How Travel Agents Can Close the Sale on a First-Time Cruiser, Part Two

by Richard D'Ambrosio
How Travel Agents Can Close the Sale on a First-Time Cruiser, Part Two

Photo: Shutterstock.com


In the first part of this series, Courtenay Cooper Hall, editor-in-chief at BELLA magazine, recounted how she overcame resistance that worked against her family’s first cruise, and how her experience makes her a cruise vacation evangelist today. In Part 2, travel agents offer their experiences convincing clients, and sometimes family members, to take that first plunge.

There are legions of successful travel agents who have built their business on a solid foundation of cruise sales, one of the most lucrative specializations an agent can pursue.

Assembling that list of potential clients and closing on those first sales is frequently the path to a growing and profitable business for agents like Lisa Long, ACC, owner of Luxury Vacations LLC in Marietta, Ga.

Long has been a “Top Producer” for Crystal Cruises, Regent Seven Seas, Silversea Cruises and Uniworld Boutique River Cruise Collection; and finds that when she receives sales leads from her Avoya Travel host agency, first-time cruisers may be interested but they often come with issues and concerns that she has learned how to navigate through.

“There often is at least one skeptic in the family. Maybe their husband or wife suggested a cruise, and they aren’t sure of it,” Long said. She spends those first few moments with these potential cruisers focusing on her listening and consultative sales skills.

“There has to be something that is holding them back, and you want to be paying careful attention and asking your probing questions to find out what that is,” Long said.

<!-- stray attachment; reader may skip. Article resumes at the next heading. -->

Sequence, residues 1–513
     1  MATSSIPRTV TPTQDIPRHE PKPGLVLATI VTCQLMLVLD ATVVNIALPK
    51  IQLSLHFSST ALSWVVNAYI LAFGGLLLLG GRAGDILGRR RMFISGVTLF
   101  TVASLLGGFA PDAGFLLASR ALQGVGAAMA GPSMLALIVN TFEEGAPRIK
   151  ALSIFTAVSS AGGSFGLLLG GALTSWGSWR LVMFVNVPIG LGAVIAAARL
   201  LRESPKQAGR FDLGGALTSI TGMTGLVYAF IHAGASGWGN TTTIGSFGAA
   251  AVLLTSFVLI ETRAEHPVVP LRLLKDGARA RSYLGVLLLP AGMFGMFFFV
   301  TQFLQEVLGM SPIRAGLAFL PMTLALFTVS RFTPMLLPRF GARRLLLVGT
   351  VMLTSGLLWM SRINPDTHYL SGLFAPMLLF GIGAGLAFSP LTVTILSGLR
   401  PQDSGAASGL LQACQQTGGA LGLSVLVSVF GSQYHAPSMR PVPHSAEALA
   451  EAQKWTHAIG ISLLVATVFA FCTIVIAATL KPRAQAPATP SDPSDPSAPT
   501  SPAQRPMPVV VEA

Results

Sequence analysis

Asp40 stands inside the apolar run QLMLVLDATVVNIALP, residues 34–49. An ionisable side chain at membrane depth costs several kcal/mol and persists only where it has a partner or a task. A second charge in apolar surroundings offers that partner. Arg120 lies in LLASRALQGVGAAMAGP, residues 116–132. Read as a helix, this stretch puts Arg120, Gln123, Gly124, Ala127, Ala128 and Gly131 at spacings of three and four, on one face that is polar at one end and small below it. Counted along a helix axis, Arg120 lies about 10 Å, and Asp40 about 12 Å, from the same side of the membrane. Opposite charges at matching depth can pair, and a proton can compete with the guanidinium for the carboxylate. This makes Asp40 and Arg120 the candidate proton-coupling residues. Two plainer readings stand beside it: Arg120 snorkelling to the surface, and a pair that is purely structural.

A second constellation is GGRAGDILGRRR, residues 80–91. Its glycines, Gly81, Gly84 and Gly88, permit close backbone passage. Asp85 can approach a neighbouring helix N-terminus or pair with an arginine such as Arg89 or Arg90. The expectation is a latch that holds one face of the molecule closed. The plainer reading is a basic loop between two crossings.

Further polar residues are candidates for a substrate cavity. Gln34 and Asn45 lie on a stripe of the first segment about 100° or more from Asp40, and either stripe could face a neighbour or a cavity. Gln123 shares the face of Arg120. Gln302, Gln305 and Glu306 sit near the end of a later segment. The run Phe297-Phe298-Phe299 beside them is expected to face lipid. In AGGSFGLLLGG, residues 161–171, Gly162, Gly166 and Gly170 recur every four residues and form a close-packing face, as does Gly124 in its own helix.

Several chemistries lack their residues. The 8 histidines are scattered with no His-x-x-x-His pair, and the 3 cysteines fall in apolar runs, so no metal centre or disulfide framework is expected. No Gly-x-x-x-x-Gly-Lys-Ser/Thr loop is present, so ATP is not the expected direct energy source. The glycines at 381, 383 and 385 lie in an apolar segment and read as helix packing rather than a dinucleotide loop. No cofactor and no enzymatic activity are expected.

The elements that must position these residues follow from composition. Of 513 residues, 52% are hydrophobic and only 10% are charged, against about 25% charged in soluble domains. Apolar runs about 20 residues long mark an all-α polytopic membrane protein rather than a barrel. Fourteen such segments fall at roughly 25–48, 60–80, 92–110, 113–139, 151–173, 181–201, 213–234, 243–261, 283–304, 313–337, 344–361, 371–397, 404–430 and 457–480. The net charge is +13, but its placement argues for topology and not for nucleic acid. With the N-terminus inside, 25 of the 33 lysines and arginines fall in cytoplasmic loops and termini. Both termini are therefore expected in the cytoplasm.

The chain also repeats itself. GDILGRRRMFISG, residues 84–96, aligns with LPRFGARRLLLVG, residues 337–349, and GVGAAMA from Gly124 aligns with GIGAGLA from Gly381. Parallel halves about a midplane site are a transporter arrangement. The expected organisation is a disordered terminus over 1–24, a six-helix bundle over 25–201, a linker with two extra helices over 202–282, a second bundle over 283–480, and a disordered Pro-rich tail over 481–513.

This hesitance hits home personally for Long, who has a sister and brother-in-law who have been thinking about taking a cruise for a long time. “But they say things like ‘I don’t want to spend that much time on the ship. I don’t like not being able to leave the ship whenever I want.’”

To counteract that concern, Long has been coaxing the couple with talk about river cruising. “I tell them how they will sail at night, but be able to spend their days in port, see land all of the time from the deck or their cabin.”

Let your clients dip their toes in the water
The plunge into their fears may take smaller steps that provide your clients with a sense of security.

This tactic worked for Tony Troiano, travel consultant and co-owner of Keys to the World Travel, LLC, in Bogota, N.J., with his “client,” his partner.

“Chris’ main concern was not being able to see land and feeling confined in a small place,” Troiano said, so he suggested a four-night cruise to Canada from New York City for their 10th anniversary.

It took a little persistence, “but I don’t give up, and he eventually agreed,” Troiano said. “We had an awesome time. Chris even enjoyed sitting in the lounge on top of the ship with nothing but gorgeous views of the ocean.”

Troiano’s partner is completely over the trepidation of being at sea for so long. “Now our sea days are some of our favorite days of each cruise,” said Troiano, who has taken nine of them with his partner.